I Carry the Ocean in My Blood

I Carry the Ocean in My Blood June 4, 2013

Wildlife refuge near Painted Hills, John Day Fossil Beds, Oregon. Lupa, 2013.
Wildlife refuge near Painted Hills, John Day Fossil Beds, Oregon. Lupa, 2013.

When Emma-Jayne Saanen talked last month about her relationship with water, it got me to thinking about my own connection to it. I grew up near creeks and streams, and fishing in ponds, and although I didn’t go to any ocean until I was in my late twenties, the Pacific has inspired child-like joy and wonder in me every time I visit it. I’m even happy splashing around a swimming pool or soaking in a hot tub, and my daily shower is one of life’s luxuries. I’m fortunate to have lived in places with uniformly clean, good-tasting tap water, and I never developed a bottled water habit.

So I suppose my relationship to water is overall pretty positive. Maybe it’s my evolutionary inheritance; supposedly we humans are attracted to places with water because in the savannahs we evolved in, knowing where the water is was crucial to our survival. But then again, it could also just be the culmination of a lot of positive experiences with water, too.

However, there’s a more immediate connection to this classic element. All living beings need some amount of water in their systems, whether through drinking, or through food, or through living immersed in this matrix. Creatures in the deserts evolved to be more conservative with the water they get, but even they can die of dehydration.

And that need for water is a reminder that we came from the oceans. Our ancestors spent their entire lives, way back when, immersed in it, soaked in water within and without. Their bodies maintained a balance between the water inside of them and the water that surrounded them, and so it was for billions of years. Only a little less than half a billion years ago did the first living beings make their way onto land, and the plants and fungi had us animals beat by a mile; going farther more quickly than we could follow. But we joined them in due time.

This was no overnight change. The first proto-amphibians and true amphibians—and even amphibians today—needed to stay close to water so they wouldn’t dry out. They hadn’t quite perfected a skin that would be a suitable container for the water they carried with them from the oceans and, later, fresh waters. It wasn’t until reptiles evolved that there were animals that could survive outside of the water entirely, needing only to drink now and then to replenish the inner stores.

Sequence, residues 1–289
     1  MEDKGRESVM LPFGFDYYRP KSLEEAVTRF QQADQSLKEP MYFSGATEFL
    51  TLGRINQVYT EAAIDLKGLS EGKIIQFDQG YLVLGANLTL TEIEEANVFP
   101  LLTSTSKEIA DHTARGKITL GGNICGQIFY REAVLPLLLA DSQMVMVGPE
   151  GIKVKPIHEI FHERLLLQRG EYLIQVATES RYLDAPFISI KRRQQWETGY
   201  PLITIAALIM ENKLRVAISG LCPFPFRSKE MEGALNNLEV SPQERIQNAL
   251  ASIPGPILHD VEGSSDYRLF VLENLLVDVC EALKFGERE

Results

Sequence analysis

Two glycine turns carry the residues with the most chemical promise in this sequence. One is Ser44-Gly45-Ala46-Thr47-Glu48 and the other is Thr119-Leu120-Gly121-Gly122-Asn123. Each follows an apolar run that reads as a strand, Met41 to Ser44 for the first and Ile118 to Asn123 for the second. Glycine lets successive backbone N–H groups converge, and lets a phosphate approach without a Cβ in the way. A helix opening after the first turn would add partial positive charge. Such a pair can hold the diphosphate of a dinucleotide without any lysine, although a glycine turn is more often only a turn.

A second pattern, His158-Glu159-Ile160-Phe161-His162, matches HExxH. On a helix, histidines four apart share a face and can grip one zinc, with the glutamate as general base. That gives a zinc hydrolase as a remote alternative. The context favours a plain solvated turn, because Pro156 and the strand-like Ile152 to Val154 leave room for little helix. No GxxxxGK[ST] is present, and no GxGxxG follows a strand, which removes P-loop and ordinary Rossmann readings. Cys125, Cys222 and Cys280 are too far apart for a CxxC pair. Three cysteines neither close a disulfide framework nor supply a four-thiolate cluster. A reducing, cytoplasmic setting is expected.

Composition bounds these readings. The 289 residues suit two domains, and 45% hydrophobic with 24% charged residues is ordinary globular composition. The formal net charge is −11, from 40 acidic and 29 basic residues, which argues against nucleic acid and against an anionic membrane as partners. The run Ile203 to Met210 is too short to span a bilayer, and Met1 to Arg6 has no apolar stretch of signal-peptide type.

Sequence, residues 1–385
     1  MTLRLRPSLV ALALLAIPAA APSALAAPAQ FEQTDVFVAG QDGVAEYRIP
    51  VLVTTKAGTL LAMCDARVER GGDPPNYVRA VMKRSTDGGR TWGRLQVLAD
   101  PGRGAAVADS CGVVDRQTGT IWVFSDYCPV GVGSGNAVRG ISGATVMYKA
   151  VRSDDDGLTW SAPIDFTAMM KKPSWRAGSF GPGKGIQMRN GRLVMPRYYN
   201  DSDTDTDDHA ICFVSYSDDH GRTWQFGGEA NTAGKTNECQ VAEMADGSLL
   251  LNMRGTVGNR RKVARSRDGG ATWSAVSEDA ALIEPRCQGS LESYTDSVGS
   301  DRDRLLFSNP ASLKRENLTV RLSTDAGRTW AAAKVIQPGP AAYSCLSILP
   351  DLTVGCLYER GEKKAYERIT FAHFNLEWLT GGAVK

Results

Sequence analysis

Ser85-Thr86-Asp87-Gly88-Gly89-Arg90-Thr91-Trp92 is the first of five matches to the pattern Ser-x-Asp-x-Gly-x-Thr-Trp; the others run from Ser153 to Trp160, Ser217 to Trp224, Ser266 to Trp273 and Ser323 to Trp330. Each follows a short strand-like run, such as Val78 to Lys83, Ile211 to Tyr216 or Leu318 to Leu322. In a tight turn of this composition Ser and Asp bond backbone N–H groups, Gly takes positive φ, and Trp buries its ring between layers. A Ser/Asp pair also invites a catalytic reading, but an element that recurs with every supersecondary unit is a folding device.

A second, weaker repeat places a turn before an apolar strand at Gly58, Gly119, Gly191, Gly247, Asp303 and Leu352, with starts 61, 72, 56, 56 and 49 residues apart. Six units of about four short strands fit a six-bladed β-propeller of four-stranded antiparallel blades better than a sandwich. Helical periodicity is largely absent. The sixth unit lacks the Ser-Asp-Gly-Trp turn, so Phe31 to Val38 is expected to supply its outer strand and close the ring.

Just as we are descendants of older creatures, so the water inside of us can be traced back to the oceans life came out of. The molecules may be different, but every land-living female being that has laid eggs or given live birth has imparted a bit of her own hydration to her young, and that chain of water can trace all the way back to fully water-dependent ancestors. We even maintain a certain amount of salinity in the fluids in our bodies, the blood and cell fluid and saliva and more. A lack of salt will kill us as surely as a lack of water.

We never really did leave the ocean behind completely. The tides still flow in and out of us, though at a pace not necessarily regulated by the moon. And one of our most primitive drives is to connect with it again, whether through the streams and rivers that eventually flow to it, or to lakes and ponds created by rain that was first drawn up from the ocean’s surface into the sky.

Just as I can connect with Earth through the bones and flesh of my body, Air through the oxygen and other gases in my cells and in my lungs, and Fire through my metabolism and the heat it creates, so I can easily connect with Water through the remnant oceans in my veins and tissues. This is why I’ve never felt that I couldn’t connect with one element more easily than another—they’re all there, literally at my fingertips, and throughout the rest of me besides.

And so I maintain a good relationship with water, within and without, every day of my life.

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